Plumbing: Air, Oil, Coolant, Etc.
The air, oil and coolant plumbing required on a turbo engine, especially a quad-turbo engine, is daunting. Beyond the cost of having someone build the exhaust and intake tubing, finding the people that can visualize where everything should go to get it all to fit in a tight location and then build it to handle the rigors of drag racing is difficult. For help on this, Moran called on some metal wizards, Dan VanAuken and his crew at Wheel to Wheel in Warren, Michigan, to do the cutting and welding. We got a chance to watch over a few weeks (!) as this system came together and can tell you this process challenges even the most talented fabricators. The results are absolutely amazing in how right everything looks, though, which is a true sign of quality workmanship.
On The Dyno
The boys had some issues in getting to the dyno, but once they did, they found some interesting results. Check the numbers on the dyno chart and you'll see that it made similar power to that of an all-out, 632-inch racing engine on nitrous, but did so at only 24 to 25 pounds of boost. They found the exhaust side of the turbo housing to be too large. Once replaced, Meaney says that they should get 35 pounds of boost and could make as much as 2,800 hp! That should be soon, too. They'd like to thank Turbonetics and Garrett for all the tech support on this project and express special thanks to Infineon Technologies, who you normally see funding high-end Indy car and road car projects (in terms of microcontrollers and such), for the funding to make this project possible.
BEYOND THE TURBOS
The original four-turbo concept came from California's Rick "Speed" Lefever, a Banks Engineering fabricator who was contemplating using a similar setup on his Pro Mod Mercedes. John Meaney used that idea and combined it with a chance meeting with Doug Milliken, from Honeywell's Garrett Turbo division. Milliken watched Meaney's record-holding BB/A Dodge Avenger ripping up the Comp Eliminator qualifying sheet at Pomona a few years back and offered some engineering support with the likes of smaller, exotic Indy car turbochargers, modified for drag racing.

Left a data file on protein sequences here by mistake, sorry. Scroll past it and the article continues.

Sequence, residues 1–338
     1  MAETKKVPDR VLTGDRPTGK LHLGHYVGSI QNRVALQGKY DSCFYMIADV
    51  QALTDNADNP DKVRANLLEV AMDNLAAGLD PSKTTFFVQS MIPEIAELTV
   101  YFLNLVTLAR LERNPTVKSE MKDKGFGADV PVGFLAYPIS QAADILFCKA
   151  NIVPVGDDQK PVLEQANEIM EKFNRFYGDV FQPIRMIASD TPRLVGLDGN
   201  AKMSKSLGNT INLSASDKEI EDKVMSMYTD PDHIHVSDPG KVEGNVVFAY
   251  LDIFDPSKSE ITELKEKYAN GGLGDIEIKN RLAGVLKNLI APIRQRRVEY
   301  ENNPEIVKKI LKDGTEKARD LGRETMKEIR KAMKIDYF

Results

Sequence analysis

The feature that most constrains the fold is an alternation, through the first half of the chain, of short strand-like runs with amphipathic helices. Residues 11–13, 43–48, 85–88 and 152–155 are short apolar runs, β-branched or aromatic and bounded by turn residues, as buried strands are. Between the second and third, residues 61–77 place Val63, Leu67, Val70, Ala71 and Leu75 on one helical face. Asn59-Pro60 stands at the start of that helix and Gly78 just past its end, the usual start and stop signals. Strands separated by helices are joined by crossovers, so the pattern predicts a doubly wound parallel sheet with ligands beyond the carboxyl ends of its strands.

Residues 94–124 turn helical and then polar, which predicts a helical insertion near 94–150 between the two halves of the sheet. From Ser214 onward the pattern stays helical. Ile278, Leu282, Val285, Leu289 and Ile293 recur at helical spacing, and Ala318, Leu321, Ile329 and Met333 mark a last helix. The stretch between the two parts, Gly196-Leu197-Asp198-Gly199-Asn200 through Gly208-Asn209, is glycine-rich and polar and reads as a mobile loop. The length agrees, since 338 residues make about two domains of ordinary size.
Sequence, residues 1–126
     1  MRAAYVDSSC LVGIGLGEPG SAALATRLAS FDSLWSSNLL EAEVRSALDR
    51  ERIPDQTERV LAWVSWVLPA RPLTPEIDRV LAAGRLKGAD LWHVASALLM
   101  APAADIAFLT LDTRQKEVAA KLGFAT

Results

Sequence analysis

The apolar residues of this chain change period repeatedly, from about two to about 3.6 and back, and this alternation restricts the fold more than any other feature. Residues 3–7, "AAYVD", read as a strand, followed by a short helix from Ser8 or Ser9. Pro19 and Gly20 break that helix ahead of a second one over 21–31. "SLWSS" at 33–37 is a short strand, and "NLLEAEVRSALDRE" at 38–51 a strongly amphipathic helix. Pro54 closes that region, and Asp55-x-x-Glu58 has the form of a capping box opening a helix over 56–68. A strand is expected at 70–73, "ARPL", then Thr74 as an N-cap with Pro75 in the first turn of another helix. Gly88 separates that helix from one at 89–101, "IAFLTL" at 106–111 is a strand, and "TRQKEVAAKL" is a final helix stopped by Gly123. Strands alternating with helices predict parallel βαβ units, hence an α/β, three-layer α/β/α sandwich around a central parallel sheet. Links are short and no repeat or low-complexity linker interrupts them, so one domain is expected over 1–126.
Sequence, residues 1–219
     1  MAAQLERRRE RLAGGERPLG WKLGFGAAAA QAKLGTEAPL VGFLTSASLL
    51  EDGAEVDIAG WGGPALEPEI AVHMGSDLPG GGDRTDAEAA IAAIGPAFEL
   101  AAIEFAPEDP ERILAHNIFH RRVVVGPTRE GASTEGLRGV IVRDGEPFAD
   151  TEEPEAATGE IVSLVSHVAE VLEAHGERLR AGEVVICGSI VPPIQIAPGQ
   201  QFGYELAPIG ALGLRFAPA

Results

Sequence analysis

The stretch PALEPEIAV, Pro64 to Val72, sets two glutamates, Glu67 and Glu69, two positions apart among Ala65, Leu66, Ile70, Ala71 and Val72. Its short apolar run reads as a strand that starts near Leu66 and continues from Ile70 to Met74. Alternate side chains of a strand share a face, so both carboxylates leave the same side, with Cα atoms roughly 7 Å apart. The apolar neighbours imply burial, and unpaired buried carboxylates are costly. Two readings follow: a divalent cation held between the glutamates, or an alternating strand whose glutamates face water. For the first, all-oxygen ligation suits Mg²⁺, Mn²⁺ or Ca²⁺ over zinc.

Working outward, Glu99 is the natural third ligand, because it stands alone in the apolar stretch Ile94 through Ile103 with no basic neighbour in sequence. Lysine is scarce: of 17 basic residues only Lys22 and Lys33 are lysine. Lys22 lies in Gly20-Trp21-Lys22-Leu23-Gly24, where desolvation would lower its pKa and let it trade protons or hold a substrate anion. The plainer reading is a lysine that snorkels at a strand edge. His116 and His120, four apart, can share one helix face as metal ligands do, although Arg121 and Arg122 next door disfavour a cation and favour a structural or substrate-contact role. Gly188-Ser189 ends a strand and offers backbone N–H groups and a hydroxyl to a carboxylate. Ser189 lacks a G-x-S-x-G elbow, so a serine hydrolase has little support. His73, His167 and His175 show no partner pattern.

On an Indy car, these super-lightweight compressors (with magnesium housings and turbines built from thin-wall stainless-steel investment castings) made high volume at a low pressure (tailored around a boost-limit rule and pop-off valve) via more clearance in the wheel housing interface. With tightened clearances for drag racing, they make crazy boost while maintaining sufficient airflow. Killer turbos like this allow for the four turbo setup to work amazingly, but you could still make the concept work with available turbos--the tough part is packaging and plumbing.
Meaney likes this setup, and these for four reasons: Durability, as typical, 6-inch turbos often lose thrust bearings under 30 to 40 pounds of boost; Spool time, as it's common knowledge that smaller turbos have less lag; Weight, as two typical Y-2000 Turbonetics turbos (like Bob Reiger runs on his '57) weight about 35 to 40 pounds each-these weight 8 pounds; and Airflow, as these turbos from 20 pounds more per minute than typical turbos of the same size. Look for Moran to run a twin Turbonetics setup if the sanctioning bodies don't let him run the quad setup--it's still a brutal, race-winning setup.
Here's the problem--you can't get them and probably can't afford them. Remember that small turbos are easier to find. Could a racer at least gain an advantage with available stuff from Turbonetics or Innovative Turbo? Yes, but not as great. A bright point is that smaller turbos are easier to find and less expensive than big ones! --Cameron Evans
|DYNOMETER RESULTS |
|RPM ||Power (hp) ||Torque (lb-ft) ||Boost (psi) |
|5,500 ||1,168 ||1,115 ||24 |
|6,000 ||1,364 ||1,194 ||24 |
|6,500 ||1,554 ||1,256 ||24 |
|7,000 ||1,731 ||1,299 ||24 |
|7,500 ||1,926 ||1,349 ||25 |
|8,000 ||2,002 ||1,313 ||25 |
|8,500 ||2,083 ||1,287 ||25 |
|9,000 ||2,139 ||1,248 ||25 |
|9,500 ||2,105 ||1,164 ||25 |
Since these are "street" cars, they must have mufflers. Flowmaster built these specificall
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The advantage of having a computer-controlled engine is it can read how each cylinder is p